Today we presented our video to the public at Tate Britain. Stories Uncovered has been a year in the making, full of exciting new experiences and new friends. Our video will be on display in the Learning Gallery at Tate Britain until 9th December 2016, and you can watch a shorter version online on the Tate website.
Today was the filming day for #StoriesUncovered with the Tate Collective. Along with Reel Nice, representatives from 6 London-based arts youth groups have been developing a video project exploring the practice of archiving from the perspective of young people.
Our idea questions whether social media platforms can be considered as modern day archives; we document our lives more than any other generation through photos, videos, and online posts, creating personal archives. Some key themes that we wanted to examine were how do we choose what to archive/publish online, and what this says about our identities?
We interviewed members of the pubic about their personal use of social media as a modern day archive, and heard a range of perspectives. The results will be shown on the Tate website and displayed in the Learning gallery at Tate Britain later this year.
The Philoshophy of Montage (00:03:25)
– Discrete elements / fragments coming together
– The 3rd Medium – when things collide, a synthesis is engineered and a new form / meaning/ way emergees.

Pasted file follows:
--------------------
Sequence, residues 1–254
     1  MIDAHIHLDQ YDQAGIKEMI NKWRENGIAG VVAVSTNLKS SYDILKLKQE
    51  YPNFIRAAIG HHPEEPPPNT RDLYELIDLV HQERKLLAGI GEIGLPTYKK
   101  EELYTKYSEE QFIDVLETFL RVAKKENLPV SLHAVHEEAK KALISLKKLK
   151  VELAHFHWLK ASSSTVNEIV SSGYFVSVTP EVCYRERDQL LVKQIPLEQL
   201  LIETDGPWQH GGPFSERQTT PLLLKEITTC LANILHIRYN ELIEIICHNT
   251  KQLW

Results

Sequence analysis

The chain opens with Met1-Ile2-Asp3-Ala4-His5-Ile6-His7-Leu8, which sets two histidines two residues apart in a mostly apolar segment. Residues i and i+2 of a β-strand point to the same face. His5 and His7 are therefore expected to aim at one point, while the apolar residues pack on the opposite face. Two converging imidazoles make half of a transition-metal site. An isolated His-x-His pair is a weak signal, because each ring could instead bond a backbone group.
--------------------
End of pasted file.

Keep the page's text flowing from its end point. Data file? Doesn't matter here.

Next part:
Archive and Documentary (00:04:30)
– Archives are memory banks
– The image is a way in which to immortalise an event in our consciousness
– Documentary is an attempt to capture something that you’re worried will die and want it to live
Archives & Access: Stories Uncovered
I’ve been attending the Youth Forum at the Black Cultural
Archives (BCA) for a few months, and we’ve recently been developing a
project in collaboration with the Tate Collective’s Archives &
Access learning outreach programme. The theme of the project is ‘Stories
Uncovered’, and it aims to explore London’s heritage through the eyes
of young people. The programme runs from November 2015 – September 2016,
in which time BCA and five other organisations will host a workshop
exploring themes of local heritage.
All participating groups attended a day of workshops at
Tate Britain on Saturday 16th April. There I presented the idea we at
BCA have been developing to the organisers and participants of the
programme. We’ve chosen to explore the theme of youth activism, using
the archives at BCA to explore the involvement of young black Londoners
in local politics.
As well as presenting our project, we had the opportunity
to share ideas with the other groups and learned how to effectively run a
workshop by identifying our audience and setting measurable goals and
outcomes. We also had the opportunity to explore the Tate’s physical and
digital archives and identify materials that could help us in our